Last month, Matt Hancock, the Health Secretary, said older people would be ‘shielded for their own protection’ – Leon Neal/Getty Images Europe

The over-70s cannot be told to continue isolating once Britain’s coronavirus lockdown measures are eased, a Sage scientific adviser has suggested.

Last month, Matt Hancock, the Health Secretary, said older people would be “shielded for their own protection”, meaning those aged 70 and over could be asked to stay at home for up to four months to protect themselves from the risk of coronavirus. 

However, a scientist on a sub-committee of the Government’s Scientific Advisory Group for Emergencies (Sage) board, has called for “more reformed and nuanced” guidance. 

Susan Michie, professor of health psychology and sirector of the Centre for Behaviour Change at UCL, said: “The guidance is based on averages, and as we know there’s huge individual differences for every average.

“So there are many 70 and 80-year-olds that are much fitter and healthier than those who are a lot younger. I think the problem is that if people don’t perceive the guidance to be proportionate to their own situation there will be problems with adherence, and we now know more about who is at risk and the whole progress of the disease.” 

Speaking to BBC Radio 4’s Today programme, Prof Michie said “individual data” based on age, gender and underlying health conditions could help people find out how much additional risk they are exposed to should they contract the virus. 

“Communities and people do want to be involved in decision-making,” she said. “I think this is incredibly important going forward for this issue, but also for all issues, that communities are properly consulted, properly engaged, properly involved in decision-making about how we go forward in what’s going to be a very complicated terrain of [easing] restrictions.”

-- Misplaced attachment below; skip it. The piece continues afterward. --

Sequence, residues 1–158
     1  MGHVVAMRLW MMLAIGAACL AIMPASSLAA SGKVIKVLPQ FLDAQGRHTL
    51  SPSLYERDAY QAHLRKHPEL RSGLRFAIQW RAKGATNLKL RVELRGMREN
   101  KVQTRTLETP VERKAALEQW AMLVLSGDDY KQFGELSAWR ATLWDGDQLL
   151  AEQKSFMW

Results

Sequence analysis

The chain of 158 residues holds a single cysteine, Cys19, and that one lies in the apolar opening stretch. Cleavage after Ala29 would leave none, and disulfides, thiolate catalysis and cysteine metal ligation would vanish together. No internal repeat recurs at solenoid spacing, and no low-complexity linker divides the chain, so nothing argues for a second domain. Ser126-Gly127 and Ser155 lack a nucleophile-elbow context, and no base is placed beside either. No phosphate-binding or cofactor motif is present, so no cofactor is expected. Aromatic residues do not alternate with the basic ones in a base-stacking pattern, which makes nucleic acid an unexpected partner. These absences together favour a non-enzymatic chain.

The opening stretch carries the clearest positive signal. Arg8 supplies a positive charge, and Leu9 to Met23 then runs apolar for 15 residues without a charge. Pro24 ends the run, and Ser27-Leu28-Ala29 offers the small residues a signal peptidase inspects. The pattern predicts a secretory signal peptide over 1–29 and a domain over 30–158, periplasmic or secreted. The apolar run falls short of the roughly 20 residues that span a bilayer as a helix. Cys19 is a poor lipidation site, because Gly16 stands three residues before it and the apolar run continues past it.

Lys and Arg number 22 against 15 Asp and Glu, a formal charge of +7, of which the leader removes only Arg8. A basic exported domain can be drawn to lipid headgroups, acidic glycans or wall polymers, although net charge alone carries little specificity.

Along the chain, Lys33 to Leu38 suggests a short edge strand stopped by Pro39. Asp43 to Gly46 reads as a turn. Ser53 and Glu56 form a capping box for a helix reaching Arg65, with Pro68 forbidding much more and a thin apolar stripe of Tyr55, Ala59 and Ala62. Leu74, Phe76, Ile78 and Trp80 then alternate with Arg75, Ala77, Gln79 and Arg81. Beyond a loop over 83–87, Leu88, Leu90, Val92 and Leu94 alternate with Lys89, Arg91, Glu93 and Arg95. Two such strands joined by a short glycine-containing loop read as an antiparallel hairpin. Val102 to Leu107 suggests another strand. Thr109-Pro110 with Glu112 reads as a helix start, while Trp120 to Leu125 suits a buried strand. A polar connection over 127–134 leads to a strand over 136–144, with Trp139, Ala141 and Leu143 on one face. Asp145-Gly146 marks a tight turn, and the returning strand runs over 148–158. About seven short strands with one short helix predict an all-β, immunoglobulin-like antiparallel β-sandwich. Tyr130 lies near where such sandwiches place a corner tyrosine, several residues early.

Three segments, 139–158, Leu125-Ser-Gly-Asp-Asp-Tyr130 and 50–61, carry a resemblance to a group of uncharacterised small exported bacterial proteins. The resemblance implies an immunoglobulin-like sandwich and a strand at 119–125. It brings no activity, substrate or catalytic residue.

Last week, The Telegraph reported that ministers are looking to restart the economy using a “traffic light” system, with the over-70s “stuck on red for months” – potentially up to a year – until a mass-produced vaccine is available. 

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Prof Michie, whose research focuses on developing the science of behaviour change interventions and applying behavioural science to those interventions, said that, when the Government reviews its guidance, it should “take this on board and make sure people are given the information to make sensible decisions about their own lives”. 

She added: “One of the great things about the progress of medicine is that we have so many fit and active, young at heart 70 and 80-year-olds, and I think that that must be recognised. We have much more information now than we had when the guidance was originally given out, and I think it could become more reformed and nuanced now.”

Caroline Abrahams, the charity director at Age UK, said: “When it comes old age, there is definitely no one size that fits all. There are enormous differences in  the health of the older population. We all know fortunate individuals who seem as fit as many half their age, while others really struggle when many of their contemporaries continue to do well.  

“A long period of lockdown would have enormous practical implications for older people, including the rising numbers who want or need to keep working, and all who care for their grandchildren too. There are also the potentially devastating mental health consequences to take into account if older people are advised to stay apart from family and friends for many months – a recipe for misery and loneliness.

“Government decisions about the lockdown that impact on all older people above a certain age on a compulsory basis, regarding of their health status, are unlikely to be acceptable or, it seems, particularly helpful in helping the country to transition back to a more normal way of life. 

“Older people should be able to make up their own minds, armed with best information and the clearest evidence-based advice the Government is able to provide.”

The Department of Health and Social Care (DHSC) has been contacted for comment. 



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